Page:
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TRIPLE PLAY!

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by Joe Lugara

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Not many people can even lift a marionette without making a fatally entwined, puppet-hospital case of it. Try to imagine, then, picking one up and manipulating it so it looks like it's singing and dancing, conversing, thinking, handling pea-sized objects, and trying on clothes. If you could actually do that, you'd be in line some day for a job in the professional puppet business. As far as we know, there are no job openings at Central Park's 56-year-old Swedish Cottage Marionette Theater, but there is a new marionette show there, the first completely new production in three years: A Princess, An Emperor and a Duck: Three Classic Tales of Hans Christian Andersen. If you're clutching your head in agony at the idea of a puppet show, stop. Forget the idea of a sweat sock stretched over a fist. This isn't a puppet show; it's puppetry, entailing at least as much art and craft as traditional theater. Created for kids ages 3-7, the new show, presented by the City Parks Foundation, offers Andersen's classic tales of "The Princess and the Pea", "The Emperor's New Clothes" and "The Ugly Duckling" in three diverse settings: Africa, China, and of course, Central Park. The show was commissioned specifically for its present venue, which is typical of the way the Swedish Cottage Marionette Theater does things; nothing is second-hand — from its set design to its puppets. (The theater has, in fact, its own master wood carver, Addis Williams). You know you're in for a quality experience as soon as you step in. The theater is housed in the park's Swedish Cottage — hence its name — which was imported in 1876 and became the permanent home of the traveling Cottage Marionette Theatre in 1947. The building now features a multi-colored proscenium stage, approximately 15 feet wide and 10 feet high, with eight rows of finished wooden benches that seat a capacity of about 90. The setting is intimate; the stage is only about 3-1/2 feet off the floor, or about the height of a young child. The Andersen triple play benefits from clever scripts, featuring realistically drawn characters that talk and sing songs sprinkled with colloquialisms and witticisms. (As the "makers" of the Emperor's new clothes sing, "Our clothes are a steal/except they're not real"). Each story contains a musical interlude or two, and one or two scene changes involving a darkening of the theater's house lights for approximately 30 seconds. (The blackouts, brief as they are, may nevertheless unnerve some very young attendees). The simple sets are designed in depth, enhanced by elegant props, and generally supported by bright but effective lighting. Most importantly, the performances by the theater's nine puppeteers are exceptional; there are moments when as many as three marionettes appear in a scene, exchanging dialogue, dancing or singing. The voices, provided by nearly 20 actors, are recorded, but the puppeteers never miss a beat. Their work is as graceful as that of many human actors, and often even more so.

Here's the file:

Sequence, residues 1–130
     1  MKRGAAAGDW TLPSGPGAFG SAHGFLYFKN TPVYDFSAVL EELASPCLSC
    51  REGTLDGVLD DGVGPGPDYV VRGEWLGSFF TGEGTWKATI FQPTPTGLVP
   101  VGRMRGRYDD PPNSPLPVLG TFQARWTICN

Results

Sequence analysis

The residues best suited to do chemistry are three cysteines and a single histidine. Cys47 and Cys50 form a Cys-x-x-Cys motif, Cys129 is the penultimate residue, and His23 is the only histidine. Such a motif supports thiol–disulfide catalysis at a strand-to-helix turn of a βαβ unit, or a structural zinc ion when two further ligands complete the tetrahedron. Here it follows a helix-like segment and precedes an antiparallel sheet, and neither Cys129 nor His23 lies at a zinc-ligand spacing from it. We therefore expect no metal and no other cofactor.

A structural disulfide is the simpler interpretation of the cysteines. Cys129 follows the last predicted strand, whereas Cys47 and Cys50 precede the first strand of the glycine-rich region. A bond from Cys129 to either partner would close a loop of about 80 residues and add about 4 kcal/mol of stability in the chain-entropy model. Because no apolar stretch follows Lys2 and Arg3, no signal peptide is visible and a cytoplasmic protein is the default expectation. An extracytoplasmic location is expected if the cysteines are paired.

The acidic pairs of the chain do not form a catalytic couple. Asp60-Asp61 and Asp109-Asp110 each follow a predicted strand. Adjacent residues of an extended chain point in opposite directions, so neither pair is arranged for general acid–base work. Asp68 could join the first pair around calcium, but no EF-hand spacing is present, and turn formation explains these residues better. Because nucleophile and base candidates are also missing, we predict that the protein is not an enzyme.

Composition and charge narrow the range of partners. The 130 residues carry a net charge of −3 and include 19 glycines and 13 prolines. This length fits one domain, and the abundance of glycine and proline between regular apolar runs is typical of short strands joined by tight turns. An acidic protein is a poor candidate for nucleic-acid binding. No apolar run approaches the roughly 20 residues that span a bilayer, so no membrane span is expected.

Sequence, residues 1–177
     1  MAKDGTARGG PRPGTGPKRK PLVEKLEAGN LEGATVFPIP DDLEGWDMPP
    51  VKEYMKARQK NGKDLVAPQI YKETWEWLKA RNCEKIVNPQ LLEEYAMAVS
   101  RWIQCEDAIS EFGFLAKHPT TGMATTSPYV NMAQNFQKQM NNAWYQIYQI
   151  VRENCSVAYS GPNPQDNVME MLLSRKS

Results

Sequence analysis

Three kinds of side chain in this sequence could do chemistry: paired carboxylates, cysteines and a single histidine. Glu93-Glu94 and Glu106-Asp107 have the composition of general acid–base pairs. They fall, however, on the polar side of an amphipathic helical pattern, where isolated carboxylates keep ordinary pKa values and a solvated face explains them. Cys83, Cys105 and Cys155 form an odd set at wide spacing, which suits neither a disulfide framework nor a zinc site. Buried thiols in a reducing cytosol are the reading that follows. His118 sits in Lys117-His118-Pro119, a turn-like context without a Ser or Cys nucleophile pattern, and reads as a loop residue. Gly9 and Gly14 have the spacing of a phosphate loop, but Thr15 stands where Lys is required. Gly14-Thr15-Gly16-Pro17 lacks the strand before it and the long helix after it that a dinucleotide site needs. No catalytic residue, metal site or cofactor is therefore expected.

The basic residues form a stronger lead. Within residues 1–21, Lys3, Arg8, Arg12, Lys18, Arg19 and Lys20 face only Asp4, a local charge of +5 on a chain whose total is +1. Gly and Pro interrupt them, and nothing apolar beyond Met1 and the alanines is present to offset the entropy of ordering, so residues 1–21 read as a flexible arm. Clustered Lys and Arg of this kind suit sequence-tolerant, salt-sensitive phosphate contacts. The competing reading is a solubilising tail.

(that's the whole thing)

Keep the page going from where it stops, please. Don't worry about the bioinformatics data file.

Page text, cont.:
Info: Where: Swedish Cottage Marionette Theater, Central Park at 79th Street and West Drive (just south of the Delacorte Theatre) When: Through April 3, 2004. Fall schedule (through December 23): Tuesday-Friday, 10:30am & noon; Saturdays, 1pm. Winter and holiday schedule (December 26-January 3, 2004): 11am & 1pm. Midwinter schedule (February 17-February 20): 11am & 1pm. Through April 3, 2004: Use fall schedule. Closed Sundays and Mondays, plus Martin Luther King, Jr. Day, January 19 & 20 How much: $6 adults; $5 children (suggested donation); reservations required For more info and reservations: (212) 988-9093


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